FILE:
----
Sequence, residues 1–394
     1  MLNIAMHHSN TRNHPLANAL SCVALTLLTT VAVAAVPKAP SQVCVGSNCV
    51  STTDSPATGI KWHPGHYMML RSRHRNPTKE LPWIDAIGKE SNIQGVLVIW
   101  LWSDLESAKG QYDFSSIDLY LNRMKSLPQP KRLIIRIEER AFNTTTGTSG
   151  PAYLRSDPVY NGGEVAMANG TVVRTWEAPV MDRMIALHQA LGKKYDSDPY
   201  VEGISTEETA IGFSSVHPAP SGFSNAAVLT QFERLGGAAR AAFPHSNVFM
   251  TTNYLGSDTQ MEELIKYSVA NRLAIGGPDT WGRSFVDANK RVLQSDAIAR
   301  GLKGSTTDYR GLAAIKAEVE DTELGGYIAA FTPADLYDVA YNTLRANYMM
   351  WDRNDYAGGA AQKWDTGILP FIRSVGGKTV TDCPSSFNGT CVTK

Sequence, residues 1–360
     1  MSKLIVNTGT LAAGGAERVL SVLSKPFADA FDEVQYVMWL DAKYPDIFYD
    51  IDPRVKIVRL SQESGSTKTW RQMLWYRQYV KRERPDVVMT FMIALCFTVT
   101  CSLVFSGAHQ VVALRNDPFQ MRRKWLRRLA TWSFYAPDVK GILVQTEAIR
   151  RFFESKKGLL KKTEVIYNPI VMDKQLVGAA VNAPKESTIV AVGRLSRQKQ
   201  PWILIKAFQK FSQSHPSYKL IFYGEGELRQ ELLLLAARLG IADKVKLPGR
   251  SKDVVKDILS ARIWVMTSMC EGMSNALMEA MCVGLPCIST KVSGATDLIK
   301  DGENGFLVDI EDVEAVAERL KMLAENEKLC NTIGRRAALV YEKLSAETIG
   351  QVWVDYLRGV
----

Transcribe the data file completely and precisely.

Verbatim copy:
Sequence, residues 1–394
     1  MLNIAMHHSN TRNHPLANAL SCVALTLLTT VAVAAVPKAP SQVCVGSNCV
    51  STTDSPATGI KWHPGHYMML RSRHRNPTKE LPWIDAIGKE SNIQGVLVIW
   101  LWSDLESAKG QYDFSSIDLY LNRMKSLPQP KRLIIRIEER AFNTTTGTSG
   151  PAYLRSDPVY NGGEVAMANG TVVRTWEAPV MDRMIALHQA LGKKYDSDPY
   201  VEGISTEETA IGFSSVHPAP SGFSNAAVLT QFERLGGAAR AAFPHSNVFM
   251  TTNYLGSDTQ MEELIKYSVA NRLAIGGPDT WGRSFVDANK RVLQSDAIAR
   301  GLKGSTTDYR GLAAIKAEVE DTELGGYIAA FTPADLYDVA YNTLRANYMM
   351  WDRNDYAGGA AQKWDTGILP FIRSVGGKTV TDCPSSFNGT CVTK

Sequence, residues 1–360
     1  MSKLIVNTGT LAAGGAERVL SVLSKPFADA FDEVQYVMWL DAKYPDIFYD
    51  IDPRVKIVRL SQESGSTKTW RQMLWYRQYV KRERPDVVMT FMIALCFTVT
   101  CSLVFSGAHQ VVALRNDPFQ MRRKWLRRLA TWSFYAPDVK GILVQTEAIR
   151  RFFESKKGLL KKTEVIYNPI VMDKQLVGAA VNAPKESTIV AVGRLSRQKQ
   201  PWILIKAFQK FSQSHPSYKL IFYGEGELRQ ELLLLAARLG IADKVKLPGR
   251  SKDVVKDILS ARIWVMTSMC EGMSNALMEA MCVGLPCIST KVSGATDLIK
   301  DGENGFLVDI EDVEAVAERL KMLAENEKLC NTIGRRAALV YEKLSAETIG
   351  QVWVDYLRGV